The Unknown Bunker – Martin Sommerdag

The film opens with these lines:

During World War 2 Nazi-Germany built over 8000 concrete structures along the Danish west coast. after the war were many bunkers closed down or made public by the Danish Government. There are still many unknown bunkers.

<p><a href=”https://vimeo.com/76406336″>The Unknown Bunker</a> from <a href=”https://vimeo.com/alphahawk”>Alpha Hawk Films</a> on <a href=”https://vimeo.com”>Vimeo</a&gt;.</p>

It is said that in a screenplay, your first ten pages define how interesting the rest of the film is going to be. In the world of short films, I think it is just the first ten seconds. And for a person like me, these three lines certainly made it clear that the rest of the film is going to be damn intriguing.

I have been observing lately how important sound is in films. As the film commences the audience is introduced to a menacing soundtrack. It helps you get involved. But listen to it long enough and the conspiracy theories start building up in your head. Exactly what the maker wants you to think.

The film stars Thomas De Hansen and Martin Sommerdag. It must have been really challenging to be in front of the camera and handling the production at the same time. Having a small crew has it’s own benefits. It is difficult to pull off. But the directors who can manage it, make cinema a personal medium of storytelling.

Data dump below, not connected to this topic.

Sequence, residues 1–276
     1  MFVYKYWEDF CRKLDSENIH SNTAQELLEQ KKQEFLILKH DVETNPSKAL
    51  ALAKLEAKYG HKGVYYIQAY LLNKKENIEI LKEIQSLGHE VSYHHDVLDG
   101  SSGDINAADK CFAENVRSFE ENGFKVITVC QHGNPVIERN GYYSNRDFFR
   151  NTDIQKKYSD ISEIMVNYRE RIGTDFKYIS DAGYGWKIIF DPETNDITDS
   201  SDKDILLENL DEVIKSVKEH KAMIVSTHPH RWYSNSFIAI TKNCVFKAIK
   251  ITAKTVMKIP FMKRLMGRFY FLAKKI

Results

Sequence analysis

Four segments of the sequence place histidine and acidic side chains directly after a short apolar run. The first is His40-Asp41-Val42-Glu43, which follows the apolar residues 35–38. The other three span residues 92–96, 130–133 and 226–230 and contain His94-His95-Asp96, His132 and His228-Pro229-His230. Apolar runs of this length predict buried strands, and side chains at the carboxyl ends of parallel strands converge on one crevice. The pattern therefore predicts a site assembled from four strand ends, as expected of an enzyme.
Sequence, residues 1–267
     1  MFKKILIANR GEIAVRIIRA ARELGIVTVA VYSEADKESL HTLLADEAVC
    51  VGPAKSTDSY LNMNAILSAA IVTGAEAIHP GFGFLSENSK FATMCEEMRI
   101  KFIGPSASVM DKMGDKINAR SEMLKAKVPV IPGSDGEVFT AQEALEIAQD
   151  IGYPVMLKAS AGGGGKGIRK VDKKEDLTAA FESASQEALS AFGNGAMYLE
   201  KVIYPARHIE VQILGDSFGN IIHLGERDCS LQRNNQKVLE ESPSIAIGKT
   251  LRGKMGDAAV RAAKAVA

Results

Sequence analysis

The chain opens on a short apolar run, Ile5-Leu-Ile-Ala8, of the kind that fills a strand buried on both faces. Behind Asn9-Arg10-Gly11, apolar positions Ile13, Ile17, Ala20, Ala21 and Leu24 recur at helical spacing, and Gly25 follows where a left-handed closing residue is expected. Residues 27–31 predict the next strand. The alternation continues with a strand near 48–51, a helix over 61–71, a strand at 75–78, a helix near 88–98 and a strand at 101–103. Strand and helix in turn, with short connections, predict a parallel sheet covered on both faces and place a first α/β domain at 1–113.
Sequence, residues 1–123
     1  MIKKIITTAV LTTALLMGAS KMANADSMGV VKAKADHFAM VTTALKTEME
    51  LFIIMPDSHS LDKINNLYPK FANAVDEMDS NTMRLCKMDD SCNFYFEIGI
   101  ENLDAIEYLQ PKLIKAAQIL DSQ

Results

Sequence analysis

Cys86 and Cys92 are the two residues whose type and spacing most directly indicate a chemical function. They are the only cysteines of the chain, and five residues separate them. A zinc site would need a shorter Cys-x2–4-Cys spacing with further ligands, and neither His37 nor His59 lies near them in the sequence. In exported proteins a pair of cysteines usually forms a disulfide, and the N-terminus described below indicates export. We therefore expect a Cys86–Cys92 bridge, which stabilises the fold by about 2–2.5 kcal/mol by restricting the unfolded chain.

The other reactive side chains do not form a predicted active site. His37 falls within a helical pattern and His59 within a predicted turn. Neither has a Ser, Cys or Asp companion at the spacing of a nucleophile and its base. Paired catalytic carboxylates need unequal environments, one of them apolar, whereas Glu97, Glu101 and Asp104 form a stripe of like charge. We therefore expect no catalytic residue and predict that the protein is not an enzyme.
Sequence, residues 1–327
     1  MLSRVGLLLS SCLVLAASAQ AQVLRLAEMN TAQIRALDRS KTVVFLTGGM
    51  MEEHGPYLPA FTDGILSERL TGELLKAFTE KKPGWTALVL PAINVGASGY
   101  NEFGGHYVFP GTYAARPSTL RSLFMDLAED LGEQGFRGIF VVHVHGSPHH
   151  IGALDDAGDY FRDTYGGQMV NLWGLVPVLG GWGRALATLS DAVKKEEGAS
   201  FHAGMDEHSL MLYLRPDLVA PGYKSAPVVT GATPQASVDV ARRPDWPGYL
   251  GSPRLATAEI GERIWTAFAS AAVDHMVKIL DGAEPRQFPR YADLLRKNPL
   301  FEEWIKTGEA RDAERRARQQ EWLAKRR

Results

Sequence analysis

The mood the film creates will definitely remind you of some classics of the genre like The Blair Witch Project and Cloverfield. To enjoy this film, you will need to be a little patient. Some people have a taste for slow paced films that build up slowly but steadily towards the end. You need to set your expectations aside when you watch a film and start with a clean slate. If you do so, you will be introduced to a whole new world previously known only to the director of the film.

The film is smart and scary at the same time. The fun part is, as an audience you don’t feel like passively observing through the lens but you feel like you are actually taking part in the action. The whole realistic approach to filmmaking immerse you in the experiences the characters have and after some time you appreciate the raw images that move in front of you.